Note: This article originally appeared in the December 15, 2011 issue of Responsible Investor
Tomato, Tomahto, Potato, Potahto: what does “impact investment” mean to you? Although most agree on the high level goal of protecting people and planet while generating profits, numerous approaches to achieving these objectives are creating confusion and constraining the growth of impact investment. Like emerging markets, impact investment is a theme within which varied strategies and asset classes can be pursued.
In the past, we all accepted single line returns – financial – as the only possible investment objective. Today, we have the option of pursuing multiple-bottom-line (MBL) returns. But what does that mean for investors and what are they key obstacles to pursuing an MBL strategy? Broadly speaking, these obstacles relate to strategic clarity and economies of scale.
The desire to do good – or to do well by doing good – has created numerous MBL practice areas or sub-themes that offer different risk-reward value propositions, including: corporate social responsibility (CSR), environmental, social and governance (ESG) screening, ethical investment (EI) screening, socially responsible investment (SRI) screening, social enterprise, social capital, venture philanthropy, social venturing, sustainable finance and impact investment. Convergence and consolidation are to be expected, but finding strategic clarity and a reasonable path forward in the present is both necessary and feasible.
On an aggregate basis, two distinct schools of thought have emerged around MBL investing. The first, following Rockefeller Foundation’s taxonomy, segregates impact investment into “finance first” versus “social first”. The former seeks primarily financial returns with a little something extra on behalf of social equality or the environment. The latter pursues social and environmental goals first and looks to add a layer of financial returns as icing on the cake. “Finance first” investors see the uncertainty around evolving industry benchmarking standards for environmental, social and governance (ESG) targets and opt to use known financial benchmarks as primary drivers, relegating ESG to a secondary role. “Social first” investors emphasize the human and planetary impact of a potential investment, with financial returns as a secondary driver.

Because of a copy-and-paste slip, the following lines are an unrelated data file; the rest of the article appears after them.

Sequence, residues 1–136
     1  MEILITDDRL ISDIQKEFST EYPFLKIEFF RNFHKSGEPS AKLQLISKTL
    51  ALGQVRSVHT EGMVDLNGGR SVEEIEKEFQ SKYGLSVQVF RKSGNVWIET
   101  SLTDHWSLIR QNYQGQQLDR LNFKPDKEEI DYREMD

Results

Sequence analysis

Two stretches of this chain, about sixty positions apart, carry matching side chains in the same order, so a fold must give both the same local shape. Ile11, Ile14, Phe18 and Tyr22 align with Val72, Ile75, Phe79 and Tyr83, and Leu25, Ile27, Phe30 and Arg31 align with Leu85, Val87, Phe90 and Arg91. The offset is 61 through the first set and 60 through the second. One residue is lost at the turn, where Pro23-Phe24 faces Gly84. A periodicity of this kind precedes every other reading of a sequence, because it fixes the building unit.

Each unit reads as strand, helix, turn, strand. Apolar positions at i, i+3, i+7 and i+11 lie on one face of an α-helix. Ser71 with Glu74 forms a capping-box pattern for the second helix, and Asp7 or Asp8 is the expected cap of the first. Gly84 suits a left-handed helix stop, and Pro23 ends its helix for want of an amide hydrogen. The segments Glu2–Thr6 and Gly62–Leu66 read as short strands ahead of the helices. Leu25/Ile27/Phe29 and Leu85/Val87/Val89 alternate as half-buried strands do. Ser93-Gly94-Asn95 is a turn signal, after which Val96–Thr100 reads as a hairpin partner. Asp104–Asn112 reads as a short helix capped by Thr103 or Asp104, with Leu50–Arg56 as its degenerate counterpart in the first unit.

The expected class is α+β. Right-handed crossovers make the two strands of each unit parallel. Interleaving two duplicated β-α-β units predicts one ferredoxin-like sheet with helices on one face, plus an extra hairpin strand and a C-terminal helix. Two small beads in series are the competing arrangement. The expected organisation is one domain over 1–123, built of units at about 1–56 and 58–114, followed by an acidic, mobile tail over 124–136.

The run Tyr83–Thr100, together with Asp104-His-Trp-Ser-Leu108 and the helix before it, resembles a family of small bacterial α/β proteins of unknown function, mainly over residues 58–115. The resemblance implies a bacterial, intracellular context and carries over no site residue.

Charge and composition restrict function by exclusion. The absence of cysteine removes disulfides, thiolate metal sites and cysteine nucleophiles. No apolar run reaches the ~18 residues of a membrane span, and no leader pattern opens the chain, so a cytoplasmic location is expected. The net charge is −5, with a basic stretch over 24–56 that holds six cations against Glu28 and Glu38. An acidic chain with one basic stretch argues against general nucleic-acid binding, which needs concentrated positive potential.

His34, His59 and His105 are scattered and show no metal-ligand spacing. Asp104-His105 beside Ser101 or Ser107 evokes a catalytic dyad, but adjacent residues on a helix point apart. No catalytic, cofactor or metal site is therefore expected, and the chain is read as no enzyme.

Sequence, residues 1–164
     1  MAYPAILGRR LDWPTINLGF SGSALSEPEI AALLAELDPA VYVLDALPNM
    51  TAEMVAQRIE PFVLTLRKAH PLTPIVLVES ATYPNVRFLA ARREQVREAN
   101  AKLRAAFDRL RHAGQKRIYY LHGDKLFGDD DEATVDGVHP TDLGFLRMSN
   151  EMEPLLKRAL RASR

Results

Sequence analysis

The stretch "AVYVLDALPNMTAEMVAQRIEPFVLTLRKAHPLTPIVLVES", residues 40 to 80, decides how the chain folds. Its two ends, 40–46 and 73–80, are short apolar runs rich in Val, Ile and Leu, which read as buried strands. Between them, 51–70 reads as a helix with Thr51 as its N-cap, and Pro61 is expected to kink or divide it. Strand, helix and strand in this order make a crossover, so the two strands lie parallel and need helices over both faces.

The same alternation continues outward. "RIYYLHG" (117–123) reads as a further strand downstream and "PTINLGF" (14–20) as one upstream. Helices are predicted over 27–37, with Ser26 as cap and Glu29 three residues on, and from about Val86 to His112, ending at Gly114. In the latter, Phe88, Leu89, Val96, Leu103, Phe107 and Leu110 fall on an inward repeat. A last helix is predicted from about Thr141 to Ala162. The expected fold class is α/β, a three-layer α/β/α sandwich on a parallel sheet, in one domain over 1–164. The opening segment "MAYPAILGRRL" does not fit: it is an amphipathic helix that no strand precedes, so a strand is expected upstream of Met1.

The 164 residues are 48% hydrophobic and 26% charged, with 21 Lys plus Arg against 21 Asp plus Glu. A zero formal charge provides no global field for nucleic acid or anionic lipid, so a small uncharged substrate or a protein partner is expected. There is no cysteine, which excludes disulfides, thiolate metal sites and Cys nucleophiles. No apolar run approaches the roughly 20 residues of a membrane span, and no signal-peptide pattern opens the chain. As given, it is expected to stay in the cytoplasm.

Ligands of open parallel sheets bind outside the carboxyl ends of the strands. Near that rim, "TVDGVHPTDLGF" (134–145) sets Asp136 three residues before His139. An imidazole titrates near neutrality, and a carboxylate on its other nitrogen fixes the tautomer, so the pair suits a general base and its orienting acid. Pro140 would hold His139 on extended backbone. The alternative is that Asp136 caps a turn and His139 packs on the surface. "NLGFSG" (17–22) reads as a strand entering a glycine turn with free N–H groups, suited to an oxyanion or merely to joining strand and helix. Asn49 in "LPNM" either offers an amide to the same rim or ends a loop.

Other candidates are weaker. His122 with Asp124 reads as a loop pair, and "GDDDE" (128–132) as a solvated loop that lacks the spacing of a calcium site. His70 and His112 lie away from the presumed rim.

In a recent Forbes magazine interview, Luther Ragin of Harvard’s Kennedy School noted: “the continuing challenge of a traditional investor mindset that views the simultaneous pursuit of financial return and positive social and environmental benefits as inherently contradictory or even unwise. It is a paradoxical position, coming often from those who otherwise embrace market-based, private sector solutions.” The concept of Blended Value put forth by Jed Emerson provides a useful counterpoint to the “finance first vs. social first” paradox. This alternative school of thought acknowledges that we can and should look at the ESG impact potential of all investments. Alternative thinkers see “impact investment” as an opportunity to design innovative products that incorporate social values and responsible stewardship of the environment alongside profitability targets.
Where you fall on the spectrum between these two schools of thought can guide how impact investment fits within your overall investment strategy. If you believe that all investment should bring some element of ESG alongside financial performance, you can achieve blended value returns within any and every asset class in your portfolio (see Impact Investing Across Asset Classes) for further insights).